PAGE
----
Newspaper Page Text
She Bilin s Gazette.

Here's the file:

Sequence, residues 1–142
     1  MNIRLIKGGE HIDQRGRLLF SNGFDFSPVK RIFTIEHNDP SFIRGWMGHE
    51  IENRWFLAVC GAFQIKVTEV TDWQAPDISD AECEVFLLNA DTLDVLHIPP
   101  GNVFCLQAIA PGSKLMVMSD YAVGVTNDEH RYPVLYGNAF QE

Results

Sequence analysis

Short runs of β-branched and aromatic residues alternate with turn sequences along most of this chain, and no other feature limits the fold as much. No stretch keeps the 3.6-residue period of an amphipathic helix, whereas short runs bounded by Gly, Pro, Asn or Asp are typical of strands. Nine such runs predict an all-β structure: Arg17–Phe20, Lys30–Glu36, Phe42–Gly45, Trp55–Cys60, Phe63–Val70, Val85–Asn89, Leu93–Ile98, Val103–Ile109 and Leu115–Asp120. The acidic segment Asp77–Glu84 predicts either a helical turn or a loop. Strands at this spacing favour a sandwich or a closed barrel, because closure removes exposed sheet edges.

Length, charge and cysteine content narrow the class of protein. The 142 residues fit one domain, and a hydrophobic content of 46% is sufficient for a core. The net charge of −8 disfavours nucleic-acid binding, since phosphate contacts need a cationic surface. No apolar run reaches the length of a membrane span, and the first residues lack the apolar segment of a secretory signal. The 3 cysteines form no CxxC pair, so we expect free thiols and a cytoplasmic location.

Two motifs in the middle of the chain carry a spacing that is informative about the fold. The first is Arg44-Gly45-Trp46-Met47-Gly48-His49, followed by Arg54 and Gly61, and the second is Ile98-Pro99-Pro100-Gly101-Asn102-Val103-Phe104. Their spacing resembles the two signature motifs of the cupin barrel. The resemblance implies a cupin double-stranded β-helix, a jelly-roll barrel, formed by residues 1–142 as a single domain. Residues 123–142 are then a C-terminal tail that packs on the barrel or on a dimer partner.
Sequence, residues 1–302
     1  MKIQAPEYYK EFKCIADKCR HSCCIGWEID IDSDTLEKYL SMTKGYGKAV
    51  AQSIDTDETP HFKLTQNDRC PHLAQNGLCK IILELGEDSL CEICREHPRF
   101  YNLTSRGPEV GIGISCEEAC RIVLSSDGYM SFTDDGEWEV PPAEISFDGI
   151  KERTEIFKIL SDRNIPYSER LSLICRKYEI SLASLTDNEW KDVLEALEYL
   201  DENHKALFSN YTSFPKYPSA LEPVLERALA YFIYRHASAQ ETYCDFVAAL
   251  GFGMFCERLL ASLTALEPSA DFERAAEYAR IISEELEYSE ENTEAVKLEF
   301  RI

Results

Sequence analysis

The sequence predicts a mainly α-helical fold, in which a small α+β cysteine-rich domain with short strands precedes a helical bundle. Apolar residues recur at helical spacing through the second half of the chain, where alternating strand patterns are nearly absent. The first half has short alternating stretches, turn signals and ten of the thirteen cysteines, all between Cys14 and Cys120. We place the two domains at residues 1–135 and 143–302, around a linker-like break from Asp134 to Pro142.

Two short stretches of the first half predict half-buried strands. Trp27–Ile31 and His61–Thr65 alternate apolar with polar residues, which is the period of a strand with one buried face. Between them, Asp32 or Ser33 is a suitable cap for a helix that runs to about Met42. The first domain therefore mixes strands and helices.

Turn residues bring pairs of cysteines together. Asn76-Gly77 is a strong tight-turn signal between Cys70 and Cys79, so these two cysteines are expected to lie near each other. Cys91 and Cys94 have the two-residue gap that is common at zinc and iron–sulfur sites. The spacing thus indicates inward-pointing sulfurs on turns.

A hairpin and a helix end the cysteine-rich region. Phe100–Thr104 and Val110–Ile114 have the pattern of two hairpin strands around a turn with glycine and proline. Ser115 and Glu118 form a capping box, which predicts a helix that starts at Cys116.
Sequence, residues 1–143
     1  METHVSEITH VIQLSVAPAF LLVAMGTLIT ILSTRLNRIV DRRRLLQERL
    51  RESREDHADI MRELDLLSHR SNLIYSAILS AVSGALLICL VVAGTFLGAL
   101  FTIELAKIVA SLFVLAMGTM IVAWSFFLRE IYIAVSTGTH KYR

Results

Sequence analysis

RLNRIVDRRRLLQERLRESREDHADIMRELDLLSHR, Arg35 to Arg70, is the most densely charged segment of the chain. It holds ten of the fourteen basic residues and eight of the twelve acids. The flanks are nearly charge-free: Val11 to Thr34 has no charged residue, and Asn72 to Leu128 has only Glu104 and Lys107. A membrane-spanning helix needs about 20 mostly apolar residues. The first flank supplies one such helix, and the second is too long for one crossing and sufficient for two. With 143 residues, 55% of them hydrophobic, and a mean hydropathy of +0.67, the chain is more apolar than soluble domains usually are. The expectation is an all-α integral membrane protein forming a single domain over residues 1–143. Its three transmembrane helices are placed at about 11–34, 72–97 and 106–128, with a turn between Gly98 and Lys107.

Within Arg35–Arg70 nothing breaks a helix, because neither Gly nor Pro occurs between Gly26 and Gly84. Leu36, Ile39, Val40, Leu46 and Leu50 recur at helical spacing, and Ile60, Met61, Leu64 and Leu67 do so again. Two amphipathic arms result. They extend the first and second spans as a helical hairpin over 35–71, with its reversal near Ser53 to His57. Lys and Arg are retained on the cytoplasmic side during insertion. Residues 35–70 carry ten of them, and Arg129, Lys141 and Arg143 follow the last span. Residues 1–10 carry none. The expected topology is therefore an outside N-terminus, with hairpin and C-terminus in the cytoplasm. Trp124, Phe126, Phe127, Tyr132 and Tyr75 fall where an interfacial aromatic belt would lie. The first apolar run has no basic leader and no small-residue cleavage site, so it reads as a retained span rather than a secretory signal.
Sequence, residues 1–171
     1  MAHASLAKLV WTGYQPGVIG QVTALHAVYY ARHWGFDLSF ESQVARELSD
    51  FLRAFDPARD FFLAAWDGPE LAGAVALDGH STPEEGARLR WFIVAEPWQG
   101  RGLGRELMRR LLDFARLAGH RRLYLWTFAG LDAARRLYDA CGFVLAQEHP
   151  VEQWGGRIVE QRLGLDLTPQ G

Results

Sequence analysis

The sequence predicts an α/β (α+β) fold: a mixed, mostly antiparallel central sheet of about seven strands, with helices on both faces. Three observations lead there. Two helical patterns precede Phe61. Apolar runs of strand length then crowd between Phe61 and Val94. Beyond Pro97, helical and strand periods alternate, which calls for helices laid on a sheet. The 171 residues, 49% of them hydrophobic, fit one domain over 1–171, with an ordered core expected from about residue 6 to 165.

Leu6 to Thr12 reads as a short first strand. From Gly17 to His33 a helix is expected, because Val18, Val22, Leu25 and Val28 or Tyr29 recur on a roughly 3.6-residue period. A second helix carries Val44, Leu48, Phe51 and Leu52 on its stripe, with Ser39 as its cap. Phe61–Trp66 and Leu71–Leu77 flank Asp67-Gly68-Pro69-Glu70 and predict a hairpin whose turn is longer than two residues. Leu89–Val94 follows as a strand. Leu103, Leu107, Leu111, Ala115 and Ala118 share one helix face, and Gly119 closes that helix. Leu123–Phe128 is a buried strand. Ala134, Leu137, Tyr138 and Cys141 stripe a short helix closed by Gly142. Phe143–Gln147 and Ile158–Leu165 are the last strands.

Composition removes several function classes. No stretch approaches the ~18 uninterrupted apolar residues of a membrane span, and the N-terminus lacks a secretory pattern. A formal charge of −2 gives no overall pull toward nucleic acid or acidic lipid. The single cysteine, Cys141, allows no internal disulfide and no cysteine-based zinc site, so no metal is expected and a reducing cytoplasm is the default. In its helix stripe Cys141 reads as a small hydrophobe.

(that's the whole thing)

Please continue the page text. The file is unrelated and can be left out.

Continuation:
VOL. XIX. BILLINGS, YELLOWSTONE COUNTY. MONTANA TUESDAY. JUNE 9, 1903. PNb Yellowstone 4J" ational OF Bank ,ILLINOs CAPITAAL, - 50,000 SURPLUS - $20,000 A. L. BAdCOCK, President DAVID PRATT, Vice-President (1. A. ORIOGS, Cashier B. H. HOLLISTER, Asb't Cash .DIRECTORS. 'A L. BABCOCK. DAVID PRATT. G. A. GRIGGS. ED. CARDWELL PETER LARSON. Regular Banking in all Its Branches. Safe Deposit Boxes Rented. Special Attention Given to Collections, DEALERS IN FPoreig aid Domestic Exchange. Yegel Bros. Savings Bank OF BILLINGS, ,ONTANA. Transact a General Hankins BUsiness. Admiuister Estates. Buy and Sell Real Estate nc' Live Stock. Respensible Capital, $125,000 Collect Ken's *and Take Charge o! Busines. A . faire for Non. kesideu, . FRED INABNIT, Cashier illiogsS tate Bank Capital Stock, $50,000.00 OFFICERS: 'aul McCormick, President. B. G. Shorey, Vice-Pres, Charles Spear, Cashier. S H. A. Haynes, Teller. LIIRECTORS; . C. Bostwlck A. C. Johnson, C. O. Gruwell, Paul McCormick, A. H. Barth, B. G. Shorey. Chas. Spear. -'ansact a General Banking Business. GRUWELL BLOCK IILLINGS, . MONTANA. JAS, K, MOORE Successor to A. C. HOOSE Jeweler and Optician Gradkiate of two optical colleges. Special attention to school chil dren's eyes. Satisfaction guaranteed and prices moderate for expert service. No charge for advice as to whether you need glasses or if old -ones are .orrect. Located here permanently. The Selmonieo Restaurant. VAUGHAN'S OLD 1'TA N D. A First Class Restaurant open at all ho.rs. Bakery in Connection. Jos. Parque & Co.. Props .-.-.= --- .. .... -- - - MPTUE sitively ,ora,,',,,, : No Kalfe, consequentry N:lo Chloroform. Address K-.L PARK HOLLAND stuNGs eON7anr. ITS OFFICERS ARE CHOSEN WORLD'S FAIR COMMISSION DUL; ORGANIZED. LEE MANTLE IS PRESIDENI First Steps Taken by Board Who Wil Have Charge of MontarnA's Exhibit. Last Saturday the first meeting ol the commissioners having charge o01 .the Montana exhibit at the Louislana Purchase exposition was held and an organization was' perfected. The meet ing was in pursuance to the call of the governor and was held in the gubernatorial reception room at the capitol. Eleven of the 15 meu rer were present as follows: Paul jMc. Cormick, Lee Mantle, H. L. Frank, B. F. White, Martin Maginnis, C. W. Hoffman, William Scallon, J. H. Rice, C. J.' McNamara, D. R. Peeler and T. L. Gr4enough. - The absentees were, Dan McDonald, F. A. Heinze, Conrad Kohrs and W. G. Conrad. ,< A temporary organization was ef fected by the election of Mr. Mantle as chairman and Mr. McCormick as secretary. Call of the roll showed those already named as present and also the absentees. The permanent organization was formed by the elec tion of Mr. Mantle as president, Mr. ,Maginnis, vice president, Mr. McCor mick secretary and Mr. Ioffman treas urer. Delegated With Full Power. Mr. Hoffman introduced the folloW ing resolution, which was adopted: "Resolved, That an executive com mittee composed of six members, to wit: The president, vice president, secretary, William Scallon, B. F. White and H. L. Frank, be and the same is hereby appointed with the right to exercise all powers conferred upon the commission by the act creat ing it; said executive committee to have full charge and direction of the business of the commission, and un der the ge"neral direction of the. conm mission." Three members of the executive committee constitute a quorum. Assistant secretary. When the matter of appointing an assistant secretary was taken up con siderable interest was manifested, as the applicants for the position num bered more than a dozen and repre sented almost every part of the state. An informal ballot was taken with the following result: Carwile, 1; Cook, 1; Leggat, 5; Wood'worth, 1; Skelly, 2; Barnes, 1. A fornial vote was now taken and Leggat was elected ,he receiving 8 votes, Cook, 1; Skelly, 1; Barnes, 1. On motion of Mr. McNamara the election of Leggat was made unanI mous. The successful candidate is John B. Leggat of Butte who nas been promi nently identified with the mining in dustry of that place and was formerly a resident of St. Louis. His salary was fixed at $150 a month, pay to be gin whenever he is notified by the commission that his services are needed. Authority was given the executive committee to prepare rules and reguila tions for the government of the com mission and its employee the same to: be submitted at the next regular meeting of the.coaimissidh, which is to be held at Helena, June 22. For 8t/te BuildinI, The matter of a state building was discussed in detail apdbit was finally decided that such a structure should be built at a cost not to excel 18, 300. It was voted -to invite submis sion by the architects of the state ofi plans and specifications, to be submit ted at the next meeting of the com mission. As compensation the archi tect whose plans are accepted is -to receive 5 per cent of the estimated cost of the building. He will" be re luired to superintend construction mnd also inspect all material used. While it was not definitely decided ipon, it seemed that the general idea if the commissioners was that a building modeled after the state capi 1ol should be erected. The desire is UNFAIR COMPETITION. It is the opinion of the undersigned newspapers of the city that there is no one engaged in business here who believes it good policy to patronize out-of-town establishments to the detriment of home con cerns. Certainly all are. of one opliion, that money sent to other com munities for merchandise is. money taken out of circulation in the com munity where the system is practiced, and that the reJ3lt works a hardship' upon legitimate business and taxpayers of the locality wherein t'ts %custom prevailp. The merchants are the first in the community to protest against the system of buyin'g goods away from home from retail concerns. They employ every known strategy' to overcome this unequal competition set up by the big department stores in the. large eastern cities and went so far last year as to have a law passed by the state legislature to place an almost prohibitive license on concerns whose agents invaded the state for several years past sell ing :vehicles, cooking stoves 'and other goods of similar manufacture. That law was passed for the pro teotion of men who are citizens and taxpayers of Montana. It met with no opposition in the legislature. It is a just law and the legislature might have included In the measure other lines which come in con tact with ruinous outside competition. For instance the printers of this and every other town in the state have been getting more than their share of outside competition lby .,reasqn of the invasion of the field by representatives of. printing establishments from other states. These foreign establishments have waxed fat at the expense of many home printing concerns throughout Montana. But it is not alone the printng..,houses in other states that work a hardship on home printers. It is well known to every citizen who has kept track of affairs in the newspaper field in Montana that there has been a. mighty effort made to break down the business of strug gling country publications. It has been particularly noticeable that nothing which would tend to build . p the circulation of a certain pub lication issued at the state capital at the dxjense of home publications in one or two communities in the eastern par of the state has been left undone. Here at Billings daily newspapers were forced to suspend pub licatfon by reason of the constant -encroachment upon the field by an illegitimate newspaper published at Helena. Yielding the daily field to the Helena publication the publishers of this city took it for granted that the organ of the g. o. p. at the state capital would be content to rest up'on, the victory won in a struggle which has been waged in fillings ansE vicinity for a year or more past., But it appears that the Helena. sheet is determined to engage in another 'battle. It is now boldly reacli.ig out after the advertising of the business men in this particular. locality. The newspapers of the city here and now. enter a protest against any. further usurpation of their rights.. The Helena''sheet for shame ought to bandage its vision before it again asks business men of the city ,-of Billings to favor,,it wih: op@q lt~ 4n , advert~·iaie, That advertitiag lby r!hgt belongs to the newspapers of'-this city- so long as their, charges are not out of reason. We are going to protest and keep protesting against such illegitimate competition and we are absolutely certain that upon this point the voices of the masses will be heard in unison with these two home newspapers. The wage earners and the producers are with us and -we are now in this 'fight to -the finish. The people,.here are in no way, indebted from an advertising standpoinlt to an outside newspaper, which has amp pie resources to conduct its business without invading this field. THE BILLINGS GAZETTE. THE BILLINGS TIMES. to have a building with a large re tunda, with reception and retiring rooms for men and women, the retun da to be surmounted by a handsome dome, finished in burnished copper, the whole to be crowned with some suitable figure. Mr. Mantle explained the site re served for Montana's., building. He said it is on. a ridge which slopes to the foreground proper and is close to the government" building, the fish eries and mines and metallurgy build ings, where Montana's principal. exhi bit is. t*be found. It is easy o 'ac cess Pnd convenient to the different transportation lines and also to all of the main buildings. Because of its position, Mr. Mantle said, toe Montana building could be easily made one of the most conspicuous state build, ings on the gronud. Anaconda Company Will Exhibit. Speaking for the Anaconda com pany, Mr. Scallon said that he had been authorized to inform the commis sion that the company would make as large and complete an exhibition of the mining industry of the state as possible. This would be done at the expense of the company ,which would also send some of its employes-to the exhibition to install and care for the exhibit, all at its own expense. It is believed that others of the large mining companies will do like wise and an elaborate-and comprehen sive exhibit of the state's principal industry is already well assured. College Will Help. The agricultural college has given notice that it will assume the great task of preparing an agricultural ex hibit in all of its details. This is assurance that it will be well done and that Montana need not be- asham-. ed of the display it will.have of farm ing and kindred industries. Following the. example of the col lege, it is believed that all the other state institutions will make exhibits and do their best ti make creditable displays in their various branches. Much Interest Taken. In speaking of the meeting of the commission President Mantle said that a Very active interest was mani fested by all present. Every commis sioner expressed himself as being 'de sirous that the state's exhibit be a: complete as possible and each on( promised to use his best eilorts ix making it so. "This interest," he 'said, "will no doubt spread amoni the people of the state at large, anc all indications now point to united and harmonious effort to eoe that the state. i5 fully and creditably replre sented in every particu'.ar. "The action of the members of the legislature in so patriotically respond ing to tixe request to give their ser vices free for the purpose of making the appropriation has given a decided stimulus to public interest in every direction." "CHARLEY" GOULD DEAD. Well Known and Ponular Man Passes from Life. Information has been received of the death of C. H. Gould, which 'oc curred at Lincoln, Neb., last Friday. Mr. Gould was well known hereabouts as a former livestock solicitor for the Burlington and later as agent for an eastern commission concern and dur ing his visits to the city and surroulnd ing country made many friends to whom the announcement of his demise comes as a personal loss. The very embodiment of good nature and with an inexhaustible fund of anecdote and humor, he was always the center of a crowd of men who like himself liked to look at the cheerful side of life and make the most of their so journ on earth. He will be long re membered by all and missed by the many to whom his presence was ever a ray of sunshine to dispel the gloom of a humdrum existence. The following account of his life and death is taken from the Daily Star, published in the place where Mr. Gould so long made his home: Charles H. Gould, for 33 years a resident of Lincoln, died Friday morn ing at 2 o'clock at his home, 1745 A street, aged 65 years. He has had several strokes of paralysis and lately has been rapidly declining. Charles lenry Gould was born October 2 L837, in Lapotte county, Indiana 'here his boy'hood was passed. Ix :he fall of 1860 he was married t< Miss Charlotte E.' Outhwaite of La ,orte. In 1862 he enlisted in the Six :eenth regiment Wisconsin infantry le was wounded at Shiloh and later iischarged on account of disability 3e recovered after many months i, .he hospital and at home, and it 864 re-enlisted in the One Hundred Lnd Fifty-first Indiana- nfantry, in -hich regiment he. served until the lose of the war. He came to Nebraska with his amily in January, 1866, coming by vagon from Boone, Iowa, there bein: o. railroad beyond that point, and sttled in Burt county. He was elect. 'd county commissioner .in 1868. In 870 he\ was elected state prison in pector and soon after removed to ipcoln, where he remained until the lose of his term. He then received he appointment of land commissioner if Montana and removed there with is family. He resigned the position fter serving three and a half years, .nd returned with his family to Lin un. He was then employed by the B. & Q. railroad as live 'stock gent for the northwest with head uarters at Miles City, Mont. He fill. i that position for about 14 years nd until stricken with paralysis in eptember, 1901. He partially recovered from that ttack and during the summer of 1902 ras able to be about with the help of cane. The second attack came De ember, 1902, since which time he as been helpless, growing gradually 'orse until the end at 1 o'clock hursday night, but retaining his find clearly to the last. He was grand master of the grand dge of Mgsoqs of Montana, and af irwards grand orator of the grand tdge during his residence. He had een a member of Trinity church of iiS city for many years. He leaves widow and two children, a son and aughter, both married, and living in incoln. p I / ARE STILL COMING. orthward Movement of Texas Cattle Continues Unabated. In spite of the fact that the north watd movement was a little later in Starting than usual, it would seem that the shipments of cattle from :he Panhandle into the Dakotas and hdontana is assuming large propor -ions and continues unabated. Dur ing the last week 8,800 head of Tex tns were handled in one day at Trisi dad. Of that number 7,500 head were inlodded to be fed and watered and were then reloaded and sent north.. 3fnce April 20 almost 40,000 head iave been inspected in the Panhandle, 'ewer than 2,000 were rejected by the tovernment inspectors as being dis ;ased or affected with the splenetic ever tick. The statement is made that this luusual rush of Texas cattle for the lorth is caused by refusal of the Kan ;as authorities to accept federal in ;pection and also because the Kan sas range owners have raised their )asturage rate this year fully 100 per :ent. Several days ago a material eduction, about one-half, was made Lnd the Kansas inspectors were call- I ad in from western Texas, but it was 0oo late. Arrangements had been nade by a majority of the Texas ,rowers to ship north onto ranged in his,state and Dakota and the action of the Kansans had no ,appreciable effect in checking the higera. Because f the great shipments some difficulty s experienced in securing transporta ion by those who are prepared to chip. ' Constipated Bowels.. To have good health the body should i ie kept in a laxative condition, and I he bowels moved at least once a day, t o that all, the poisonous wastes are i xpelled daily. Mr. (G. L. Edwards, 1 .42 N. Main St., Wichita, Kansas, rrites: "I have used Herbine to regu ate the liver and bowels for the past en years, and found it a reliable emedy." 60c at Holmes r&: Rixon's. Cut flowers for all occasions con- v tantly on hand at Miss Panton's Bill- c ngs greenhouse, 3019 1Montana Ave. I lell phone 62-F . 11-t E For Rent. Three furnished rooms for, light Housekeeping. Apply to 110 . Soth ['wenty-ninth street. ILLEGAL FENCES OF VAB~(X.*., TENT iN YELLOWST ONE. A8 SHOWN BY A SURVy.Y First .Step Is Taken Toward Restoing Public Domain Now Wrong 0, fully Enclosed. Making allowance for the usual de, lays and deliberation of movement of tne government incidental to all sUtCh' n.atters, the p ospects are that witlin, a reasonable time--that is a reasoji able time for the government-soe$ thing definite may be expected in the"` way of permanently settling the corn troversy now waging between the ten who are accused of illegally en Dlosing lands belonging to the Public' 'o lomain and those who insist that such lands shall remain open to'the free; and common use of all who may wish :o utilize them for grazing purposes8 rhe first steps locally in that dfirecr-i' ;ion have been taken and before n.a.y lays will have elpsed the matte Will: "e before the general land office 'for' ts disposition. As published in The Gazette several:': weeks ago, some of the -men inter-. gsted in the question,' particularly hose who have been making the laims of illegal fencing, arrman e4 for survey of a large trae gitjlj niYi owstone county for the purpose o>f letermining beyond doubt the area o0 `' ;uch illegally fenCed lands and by whom they arenncd hlud;. This survey, was completed a few days 'ago. The". work wad' done bjr County Sitrveydrz' dorris, to whom the contract- was awarded. Working conjointly with iini was a member of the United itates surveying corps, who jiartici. sated as the official representative of" he government. While the exact figures are not mow prqcurable, it is safe to say that he survey demonstrates the existence` f no fewer than 275,000 acres of land elonging to the government that has een wrongfully enciosed. All. this vithin the limits of Yqilowstone coun. y. This land is situated in what is, :nown as the Lake Basin region and o the north and west genierally. Plats. ,re now making and as soon os cQm leted will be forwarded to the cornm. aissioner of the general land office. Although the exact mode of pro-:.,: eedure that will be adopted' by the1-.,, ommissioner is not known, it is be [eved that he will refer the matter a the department of justice, with astructions to proceed immediately gainst the parties who art the of. enders. The courts will then be alled upon to take cognizance and if he claims now making are sustained he illegal fences will be orded red re. loved. It is but just to say that some of he men who admit that they have nclosed land not- belonging to them. ave signified their Willingness to. emove the offending fences at once rithout waiting for orders from 'the overnment to do so, but only con itionally. They say that if the other ten who have erected such fenCeA ril, pull themn down they will doi.ik- . rise. Whether any of the offe..si. 'ill take the initiative and p945'" , restore the land, the use of w 9! iey are now enjoying contrarry to Lw, remains .to.be seen. If the prom ies of the others are made in good Lith tliere-may be a general remov Ig of fences that exist without a retext of right and the long and hbit r war between contending factiona· I the sheep and cattle business may. e hear its termination. Driven to Desperation. Living at an out of the way place,, remote from civilization, a ftaimll' IS often driven to desperation in cam o.0, accident, resulting in burns, .. wounds, ulcers, etc. Lay in a, aupy of Bucklen's Arnica Salve. It'a s. `. best on earth. 25c, at Chapple Store. Go to Miss Wagner's parlors for shampoos, stalp a treatments. mtianiacues,. isPeaes etc f